The two countries taken up for comparison are China and Pakistan. While there may be several similarities in economic levels but there are stark contrasts in the human capital. The utilization of human resources differs in both. While on the one hand, the Chinese economy has been segregated in a manner that caters to the low prices, middle level pricing and the high value products, the production houses that are controlling the output of these different levels of products are more tuned into the requirements of their clientele (Bosworth, and Collins, 2003). Thus, it was possible for taking up low value products that could be bought at low values for the low income groups as well as the high income groups, while the former used these products and revelled in the thought that they could afford such items.
On the other hand, the high income groups liked the thought of picking up cheap gifts as souvenirs for mass distribution (Ramlall, 2003). There was aware of new terminology available like, “use and throw” or “one time use only” which began to be attached to the shallow thinking and processing of such production houses.
The second level of products catered to the needs of the indigenous population. The inhabitants of China are totally dependent upon these types of products. The third types of products are directed at the high income bracket. The high value, luxury goods are directed for sale towards the higher income groups (Bosworth, and Collins, 2003).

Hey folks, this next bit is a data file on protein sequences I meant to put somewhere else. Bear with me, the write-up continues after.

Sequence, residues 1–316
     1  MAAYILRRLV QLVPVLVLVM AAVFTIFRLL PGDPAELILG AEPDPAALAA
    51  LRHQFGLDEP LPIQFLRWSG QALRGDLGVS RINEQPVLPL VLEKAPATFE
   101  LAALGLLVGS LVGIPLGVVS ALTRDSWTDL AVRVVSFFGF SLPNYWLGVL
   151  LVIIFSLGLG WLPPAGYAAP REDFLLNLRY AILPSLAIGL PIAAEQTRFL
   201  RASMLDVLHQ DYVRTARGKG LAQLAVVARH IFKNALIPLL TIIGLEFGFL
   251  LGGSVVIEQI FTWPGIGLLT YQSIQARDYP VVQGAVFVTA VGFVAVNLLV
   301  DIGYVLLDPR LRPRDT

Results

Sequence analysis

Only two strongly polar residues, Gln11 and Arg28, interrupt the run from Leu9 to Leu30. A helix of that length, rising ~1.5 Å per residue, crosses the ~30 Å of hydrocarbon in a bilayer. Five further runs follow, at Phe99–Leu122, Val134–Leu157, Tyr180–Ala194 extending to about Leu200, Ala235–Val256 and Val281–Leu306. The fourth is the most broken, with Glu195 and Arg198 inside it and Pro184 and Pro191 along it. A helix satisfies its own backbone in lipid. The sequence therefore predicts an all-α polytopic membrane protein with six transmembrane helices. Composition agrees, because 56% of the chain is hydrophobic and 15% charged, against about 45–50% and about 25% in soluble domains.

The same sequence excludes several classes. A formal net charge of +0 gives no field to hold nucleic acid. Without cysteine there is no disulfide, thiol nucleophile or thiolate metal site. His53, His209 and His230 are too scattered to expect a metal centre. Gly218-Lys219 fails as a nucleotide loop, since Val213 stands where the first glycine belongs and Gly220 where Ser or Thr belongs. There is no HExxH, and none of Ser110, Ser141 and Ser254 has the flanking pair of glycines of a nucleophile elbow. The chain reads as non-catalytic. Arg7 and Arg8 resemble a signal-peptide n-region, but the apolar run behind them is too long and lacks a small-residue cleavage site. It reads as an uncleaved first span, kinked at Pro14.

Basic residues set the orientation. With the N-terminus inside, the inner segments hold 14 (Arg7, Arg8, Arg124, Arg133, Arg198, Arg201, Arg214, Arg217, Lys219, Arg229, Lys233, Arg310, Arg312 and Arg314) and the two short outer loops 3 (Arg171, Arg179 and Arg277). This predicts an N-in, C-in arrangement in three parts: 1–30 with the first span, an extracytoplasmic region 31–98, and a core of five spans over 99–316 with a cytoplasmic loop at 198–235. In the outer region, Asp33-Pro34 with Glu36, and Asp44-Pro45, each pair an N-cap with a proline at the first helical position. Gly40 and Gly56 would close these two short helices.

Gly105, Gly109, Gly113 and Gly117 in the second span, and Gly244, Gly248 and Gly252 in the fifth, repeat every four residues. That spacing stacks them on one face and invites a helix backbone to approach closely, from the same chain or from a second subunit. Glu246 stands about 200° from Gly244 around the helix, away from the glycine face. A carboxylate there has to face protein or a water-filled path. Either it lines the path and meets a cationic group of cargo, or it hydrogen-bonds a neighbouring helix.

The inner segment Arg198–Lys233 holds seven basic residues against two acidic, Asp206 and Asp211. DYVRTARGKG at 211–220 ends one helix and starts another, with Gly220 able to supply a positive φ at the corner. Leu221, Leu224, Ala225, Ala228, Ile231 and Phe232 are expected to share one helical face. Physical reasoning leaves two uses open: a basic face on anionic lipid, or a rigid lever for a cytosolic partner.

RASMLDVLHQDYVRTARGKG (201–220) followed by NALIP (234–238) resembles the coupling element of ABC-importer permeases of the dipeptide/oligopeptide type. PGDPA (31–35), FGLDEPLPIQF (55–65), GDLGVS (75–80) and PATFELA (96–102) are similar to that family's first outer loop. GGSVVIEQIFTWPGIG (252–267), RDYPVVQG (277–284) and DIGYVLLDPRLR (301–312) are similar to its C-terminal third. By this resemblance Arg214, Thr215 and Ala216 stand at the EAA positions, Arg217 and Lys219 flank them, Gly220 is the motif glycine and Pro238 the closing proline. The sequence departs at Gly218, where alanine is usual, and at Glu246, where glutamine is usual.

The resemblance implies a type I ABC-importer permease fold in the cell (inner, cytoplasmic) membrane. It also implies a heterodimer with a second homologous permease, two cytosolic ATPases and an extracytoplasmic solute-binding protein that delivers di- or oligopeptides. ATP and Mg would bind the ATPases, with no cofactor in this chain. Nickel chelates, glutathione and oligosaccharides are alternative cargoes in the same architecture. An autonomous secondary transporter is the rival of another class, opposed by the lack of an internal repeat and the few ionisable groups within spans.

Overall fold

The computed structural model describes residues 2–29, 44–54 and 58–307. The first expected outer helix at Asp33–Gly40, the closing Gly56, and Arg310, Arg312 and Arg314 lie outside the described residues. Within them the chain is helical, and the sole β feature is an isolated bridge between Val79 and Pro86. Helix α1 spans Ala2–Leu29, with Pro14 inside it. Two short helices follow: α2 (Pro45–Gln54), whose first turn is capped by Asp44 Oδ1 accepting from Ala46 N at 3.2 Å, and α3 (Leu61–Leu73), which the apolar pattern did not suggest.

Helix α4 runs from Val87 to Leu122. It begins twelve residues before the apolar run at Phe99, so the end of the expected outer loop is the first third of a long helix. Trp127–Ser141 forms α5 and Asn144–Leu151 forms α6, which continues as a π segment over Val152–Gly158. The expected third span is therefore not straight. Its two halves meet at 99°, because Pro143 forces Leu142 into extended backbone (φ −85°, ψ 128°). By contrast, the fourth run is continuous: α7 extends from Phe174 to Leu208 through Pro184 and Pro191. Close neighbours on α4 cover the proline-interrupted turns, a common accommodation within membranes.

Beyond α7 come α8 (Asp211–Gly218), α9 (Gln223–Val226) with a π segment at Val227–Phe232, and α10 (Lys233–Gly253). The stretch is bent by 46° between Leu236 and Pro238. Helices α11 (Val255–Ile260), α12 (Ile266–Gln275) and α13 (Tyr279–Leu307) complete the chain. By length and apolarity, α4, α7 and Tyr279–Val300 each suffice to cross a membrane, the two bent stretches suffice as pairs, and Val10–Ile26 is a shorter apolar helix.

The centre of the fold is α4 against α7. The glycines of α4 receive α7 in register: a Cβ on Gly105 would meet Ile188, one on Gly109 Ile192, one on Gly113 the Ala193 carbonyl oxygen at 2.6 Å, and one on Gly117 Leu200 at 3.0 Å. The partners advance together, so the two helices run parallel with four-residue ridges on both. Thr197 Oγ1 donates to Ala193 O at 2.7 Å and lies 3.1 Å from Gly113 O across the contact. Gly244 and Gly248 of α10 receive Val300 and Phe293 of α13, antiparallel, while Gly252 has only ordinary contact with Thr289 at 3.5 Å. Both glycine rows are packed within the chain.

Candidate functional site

Many of these luxury goods are made by age-old, traditional craftsmen and have a tremendous appeal globally (Cascio, 2007). From paintings to air planes, the expensive high value Chinese products have lasting appeal the world over. No doubt, at some levels, this form of segregation of various levels of production promotes the success of the production line on a large scale.
Pakistan, on the other hand, has not exploited to its fullest capacity in terms of product and sale of goods (Abosetegn, 2000). Many of the products are indeed of high value and high economic appeal like carpentry, raw materials, spices etc. The Pakistan Human Capital has instead excelled largely in the services and administrative sectors of the economy. While the product houses seem to work a missionary zeal (Abbas, 2001).